I understand from my former colleague Clark Stovall Parsons that your Primary Holding is celebrating the 10th anniversary of its purchase by certain media dabblers and the Biz Pigs behind them. That you have survived and monetarily prospered in a market dominated by content nincompoops is hardly cause for popping the Moet et Chandon, but I know how damned emotional you Nashvillians can get, what with the complete lack of any events of real historical significance there.
Therefore, in the interest of maintaining some contact to your sentimental little venture, I have accepted your desperate plea for former underpaid associates to step forward with gooey reminiscences of Daze Gone By. Shall I oblige you with the standard package of 900 dazzling words, or are you so desperate to counterbalance the chatter that passes for content in your pages these days that you hope for 950 or 965 words?
I acknowledge your so-called deadline, but I remind you that genius works on its own time. Simply inform me as to the exact date upon which my shimmering musings must be flung into your cesspool.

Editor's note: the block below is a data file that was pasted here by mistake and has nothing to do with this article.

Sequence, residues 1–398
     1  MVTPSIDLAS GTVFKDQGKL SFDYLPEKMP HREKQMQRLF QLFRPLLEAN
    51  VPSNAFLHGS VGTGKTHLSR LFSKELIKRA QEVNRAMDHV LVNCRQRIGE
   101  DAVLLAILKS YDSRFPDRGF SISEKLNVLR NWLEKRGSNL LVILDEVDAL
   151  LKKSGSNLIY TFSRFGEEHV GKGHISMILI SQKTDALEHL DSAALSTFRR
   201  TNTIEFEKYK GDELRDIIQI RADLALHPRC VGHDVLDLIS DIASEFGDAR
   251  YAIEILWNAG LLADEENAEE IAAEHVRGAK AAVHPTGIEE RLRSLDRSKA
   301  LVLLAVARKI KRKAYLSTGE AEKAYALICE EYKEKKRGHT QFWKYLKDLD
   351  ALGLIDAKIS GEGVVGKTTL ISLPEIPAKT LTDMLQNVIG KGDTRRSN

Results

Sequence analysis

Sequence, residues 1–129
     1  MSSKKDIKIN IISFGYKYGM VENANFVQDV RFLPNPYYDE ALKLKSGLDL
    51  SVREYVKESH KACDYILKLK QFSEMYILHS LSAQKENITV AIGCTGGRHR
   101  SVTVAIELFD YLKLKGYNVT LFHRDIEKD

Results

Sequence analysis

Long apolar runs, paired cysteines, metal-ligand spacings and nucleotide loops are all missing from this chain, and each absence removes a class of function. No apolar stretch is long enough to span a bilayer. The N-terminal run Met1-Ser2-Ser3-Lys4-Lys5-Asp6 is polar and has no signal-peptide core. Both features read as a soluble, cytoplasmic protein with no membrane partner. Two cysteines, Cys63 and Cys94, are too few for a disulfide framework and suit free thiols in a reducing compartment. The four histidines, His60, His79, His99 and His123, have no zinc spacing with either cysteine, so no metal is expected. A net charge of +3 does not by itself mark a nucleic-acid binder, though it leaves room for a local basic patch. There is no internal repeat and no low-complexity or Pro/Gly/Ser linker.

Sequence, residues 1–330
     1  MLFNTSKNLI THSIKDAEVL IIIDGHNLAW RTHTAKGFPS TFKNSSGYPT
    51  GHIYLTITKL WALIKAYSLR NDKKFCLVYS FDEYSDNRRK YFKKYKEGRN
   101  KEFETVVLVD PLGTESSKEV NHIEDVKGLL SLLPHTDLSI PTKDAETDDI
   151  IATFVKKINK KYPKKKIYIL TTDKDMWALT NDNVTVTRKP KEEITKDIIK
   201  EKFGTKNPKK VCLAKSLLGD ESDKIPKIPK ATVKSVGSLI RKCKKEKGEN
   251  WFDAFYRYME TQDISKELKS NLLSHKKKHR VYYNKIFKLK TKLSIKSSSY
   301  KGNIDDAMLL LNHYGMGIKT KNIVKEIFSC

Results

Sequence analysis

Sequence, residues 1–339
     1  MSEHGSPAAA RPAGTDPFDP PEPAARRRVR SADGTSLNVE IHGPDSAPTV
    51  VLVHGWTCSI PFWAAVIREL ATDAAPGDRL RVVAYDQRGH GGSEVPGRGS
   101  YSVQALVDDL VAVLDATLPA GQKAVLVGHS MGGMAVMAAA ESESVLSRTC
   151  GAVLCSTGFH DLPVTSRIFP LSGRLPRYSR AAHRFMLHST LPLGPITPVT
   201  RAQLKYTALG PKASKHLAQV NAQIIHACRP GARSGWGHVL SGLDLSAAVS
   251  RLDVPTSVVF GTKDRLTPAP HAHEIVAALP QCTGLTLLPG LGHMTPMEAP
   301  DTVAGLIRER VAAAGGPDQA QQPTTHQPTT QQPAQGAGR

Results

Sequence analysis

It is with little sympathy that I receive the news of yet another merciless turning of your editorial revolving door. That you are now actually having to perform the only task for which Our Maker equipped you is no catalyst of sympathy here.
So you need an editor. That young Alan Bostick is a real people person.
With twinges of affection,
Editor’s note: It’s true that genius works on its own time. It’s also true that it works faster than Clark Parsons, who, under the nom de plume Addison DeWitt, penned a column for the Scene for many years called “American in Nashville.” Unfortunately, Parsons agreed to write another column for our 10th anniversary, but he didn’t make our deadline. All we got was this letter.
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